- Are the bolts tightened?
- Does it need to be unclogged?
- Does it need to be replaced? If it is malfunctioning or if the tractor is operating with excessive straws or leaves in the air, you may need a new radiator.
- Is the seatbelt functioning?
- Are there any cracks in the seat?
- Do you need a new seat accessory?
- Is the battery charging properly?
- Are the electrical connections and wiring functioning properly?
- Is the solenoid properly attached?
- Is the motor functioning properly?
- Do you hear an abnormal noise?
- Is the water pump leaking?
- Is the coolant properly working when you adjust the temperature to cold?
- Is the belt properly tightened?
- Are the tires and wheels properly inflated?
- Are there cuts or breaks in the tread or sidewalls?
Case IH is a globally-recognized agricultural equipment manufacturer. The company was also known as Case International following the 1985 merger of International Harvester and Case Corporation, which created the company in its current form. Based out of Racine, Wisconsin in the United States, Case IH operates in over 160 companies and operates with a dealer network with more than 4,000 members.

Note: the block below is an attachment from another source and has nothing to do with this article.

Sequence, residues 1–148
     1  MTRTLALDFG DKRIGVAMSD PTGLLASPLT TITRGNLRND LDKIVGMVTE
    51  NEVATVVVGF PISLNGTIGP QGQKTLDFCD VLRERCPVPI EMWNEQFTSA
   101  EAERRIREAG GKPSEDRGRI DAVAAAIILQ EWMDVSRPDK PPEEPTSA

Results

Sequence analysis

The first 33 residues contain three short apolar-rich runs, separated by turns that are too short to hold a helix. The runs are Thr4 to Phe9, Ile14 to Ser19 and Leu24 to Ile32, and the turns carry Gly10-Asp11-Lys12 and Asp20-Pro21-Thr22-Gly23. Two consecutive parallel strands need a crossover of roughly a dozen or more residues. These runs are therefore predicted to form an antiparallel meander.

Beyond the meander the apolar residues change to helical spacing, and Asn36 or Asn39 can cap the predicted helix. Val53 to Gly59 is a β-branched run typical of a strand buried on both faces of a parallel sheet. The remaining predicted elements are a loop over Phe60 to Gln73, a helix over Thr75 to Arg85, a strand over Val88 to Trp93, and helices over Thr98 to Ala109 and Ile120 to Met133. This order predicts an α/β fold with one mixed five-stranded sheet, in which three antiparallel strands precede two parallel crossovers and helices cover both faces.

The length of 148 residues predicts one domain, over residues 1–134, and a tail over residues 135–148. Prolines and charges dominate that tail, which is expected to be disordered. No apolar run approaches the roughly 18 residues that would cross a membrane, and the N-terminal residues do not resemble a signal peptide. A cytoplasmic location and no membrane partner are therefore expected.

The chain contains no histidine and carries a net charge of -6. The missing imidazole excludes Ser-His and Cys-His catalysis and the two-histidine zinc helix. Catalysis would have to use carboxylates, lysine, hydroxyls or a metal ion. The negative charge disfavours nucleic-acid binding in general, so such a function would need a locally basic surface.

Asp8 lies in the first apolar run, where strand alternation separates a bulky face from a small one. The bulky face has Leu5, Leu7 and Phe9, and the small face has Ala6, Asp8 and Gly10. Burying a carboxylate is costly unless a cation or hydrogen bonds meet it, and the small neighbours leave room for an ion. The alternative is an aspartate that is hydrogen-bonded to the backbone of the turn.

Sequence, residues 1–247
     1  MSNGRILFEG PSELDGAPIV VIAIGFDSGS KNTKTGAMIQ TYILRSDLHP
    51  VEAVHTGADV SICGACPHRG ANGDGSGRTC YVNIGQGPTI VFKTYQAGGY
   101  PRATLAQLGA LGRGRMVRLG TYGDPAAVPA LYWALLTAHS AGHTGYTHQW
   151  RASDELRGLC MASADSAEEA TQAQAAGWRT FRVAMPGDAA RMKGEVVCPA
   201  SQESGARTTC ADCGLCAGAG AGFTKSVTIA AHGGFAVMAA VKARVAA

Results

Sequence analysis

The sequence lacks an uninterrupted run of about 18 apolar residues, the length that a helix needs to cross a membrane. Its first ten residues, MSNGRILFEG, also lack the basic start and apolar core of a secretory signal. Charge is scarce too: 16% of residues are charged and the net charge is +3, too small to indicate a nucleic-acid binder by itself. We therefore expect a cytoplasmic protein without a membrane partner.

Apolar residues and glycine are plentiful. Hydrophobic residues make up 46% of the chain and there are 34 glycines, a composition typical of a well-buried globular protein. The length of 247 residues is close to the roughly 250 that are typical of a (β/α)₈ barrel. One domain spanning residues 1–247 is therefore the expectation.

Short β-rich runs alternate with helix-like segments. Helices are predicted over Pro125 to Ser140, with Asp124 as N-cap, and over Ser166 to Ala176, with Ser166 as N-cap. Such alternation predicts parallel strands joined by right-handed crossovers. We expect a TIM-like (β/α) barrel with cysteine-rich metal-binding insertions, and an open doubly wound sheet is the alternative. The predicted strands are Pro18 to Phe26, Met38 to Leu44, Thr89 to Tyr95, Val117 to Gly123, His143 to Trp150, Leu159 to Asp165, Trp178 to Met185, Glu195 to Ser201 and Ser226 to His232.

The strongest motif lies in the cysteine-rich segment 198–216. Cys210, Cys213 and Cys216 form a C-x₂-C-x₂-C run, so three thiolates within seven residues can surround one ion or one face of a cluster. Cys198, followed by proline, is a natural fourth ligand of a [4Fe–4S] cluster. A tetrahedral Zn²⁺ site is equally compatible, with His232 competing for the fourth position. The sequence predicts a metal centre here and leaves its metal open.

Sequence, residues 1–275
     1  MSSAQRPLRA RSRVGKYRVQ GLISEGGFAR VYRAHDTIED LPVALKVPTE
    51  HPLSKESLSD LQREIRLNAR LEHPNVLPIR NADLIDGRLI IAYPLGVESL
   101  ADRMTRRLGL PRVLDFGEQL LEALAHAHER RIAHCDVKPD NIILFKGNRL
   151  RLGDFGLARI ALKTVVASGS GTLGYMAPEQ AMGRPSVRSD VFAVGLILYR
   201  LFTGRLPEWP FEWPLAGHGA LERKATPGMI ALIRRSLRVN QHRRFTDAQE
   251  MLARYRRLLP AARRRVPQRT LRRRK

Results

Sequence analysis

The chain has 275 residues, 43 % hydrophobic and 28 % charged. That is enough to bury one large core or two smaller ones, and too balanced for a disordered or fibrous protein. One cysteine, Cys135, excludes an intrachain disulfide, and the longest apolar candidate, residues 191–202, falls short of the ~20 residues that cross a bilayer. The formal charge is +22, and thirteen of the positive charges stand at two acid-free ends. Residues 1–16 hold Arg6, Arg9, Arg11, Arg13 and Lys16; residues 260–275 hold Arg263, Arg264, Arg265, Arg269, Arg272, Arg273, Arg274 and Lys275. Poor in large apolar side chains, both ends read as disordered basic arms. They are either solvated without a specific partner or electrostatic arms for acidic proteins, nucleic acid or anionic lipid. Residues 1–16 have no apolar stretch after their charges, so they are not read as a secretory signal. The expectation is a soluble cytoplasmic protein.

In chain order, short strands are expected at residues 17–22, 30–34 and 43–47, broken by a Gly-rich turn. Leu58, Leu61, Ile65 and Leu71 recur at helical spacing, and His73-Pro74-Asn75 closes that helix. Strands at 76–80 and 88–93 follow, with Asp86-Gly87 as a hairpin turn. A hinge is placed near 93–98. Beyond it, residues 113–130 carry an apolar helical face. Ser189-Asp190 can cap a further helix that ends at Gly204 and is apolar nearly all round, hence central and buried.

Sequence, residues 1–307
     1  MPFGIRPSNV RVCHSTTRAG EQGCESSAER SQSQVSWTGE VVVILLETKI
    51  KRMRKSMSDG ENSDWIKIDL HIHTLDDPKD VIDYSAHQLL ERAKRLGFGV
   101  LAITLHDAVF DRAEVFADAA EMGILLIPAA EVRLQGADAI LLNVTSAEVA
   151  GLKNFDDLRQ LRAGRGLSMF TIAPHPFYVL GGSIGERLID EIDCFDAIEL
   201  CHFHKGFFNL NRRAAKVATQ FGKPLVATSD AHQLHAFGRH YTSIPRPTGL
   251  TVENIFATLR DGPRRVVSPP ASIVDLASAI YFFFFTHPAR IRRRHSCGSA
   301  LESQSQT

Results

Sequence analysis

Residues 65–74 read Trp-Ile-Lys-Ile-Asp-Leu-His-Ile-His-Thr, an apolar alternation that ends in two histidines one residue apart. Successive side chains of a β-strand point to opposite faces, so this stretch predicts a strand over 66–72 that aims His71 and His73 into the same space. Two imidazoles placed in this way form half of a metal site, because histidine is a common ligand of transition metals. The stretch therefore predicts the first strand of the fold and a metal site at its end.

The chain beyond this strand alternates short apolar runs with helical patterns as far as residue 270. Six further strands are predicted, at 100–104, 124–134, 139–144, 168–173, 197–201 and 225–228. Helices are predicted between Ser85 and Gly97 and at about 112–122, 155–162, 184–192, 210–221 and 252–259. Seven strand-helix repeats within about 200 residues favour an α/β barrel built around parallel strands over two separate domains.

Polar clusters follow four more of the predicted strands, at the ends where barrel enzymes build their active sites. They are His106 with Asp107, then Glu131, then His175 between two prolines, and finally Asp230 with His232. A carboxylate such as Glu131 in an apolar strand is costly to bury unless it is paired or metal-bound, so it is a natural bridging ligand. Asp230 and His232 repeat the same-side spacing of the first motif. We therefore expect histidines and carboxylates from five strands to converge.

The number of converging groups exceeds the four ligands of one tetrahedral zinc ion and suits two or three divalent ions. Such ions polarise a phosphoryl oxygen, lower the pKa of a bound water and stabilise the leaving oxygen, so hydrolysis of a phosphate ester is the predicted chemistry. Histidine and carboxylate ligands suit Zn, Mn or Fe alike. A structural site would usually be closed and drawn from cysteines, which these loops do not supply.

Case IH handles parts and service support and financial services in addition to agricultural equipment. The company deals with its farmers and other customers indirectly through the services of distributors and dealers.
Case IH's product range includes tractors, combines and harvesters, tillage tools, hay and forage equipment, sprayers and applicators, site-specific farming equipment, and systems for planting and seeding. Well-known brands within the Case IH family include Magnum tractors, Axial-Flow combines, Puma, Farmall, and Steiger.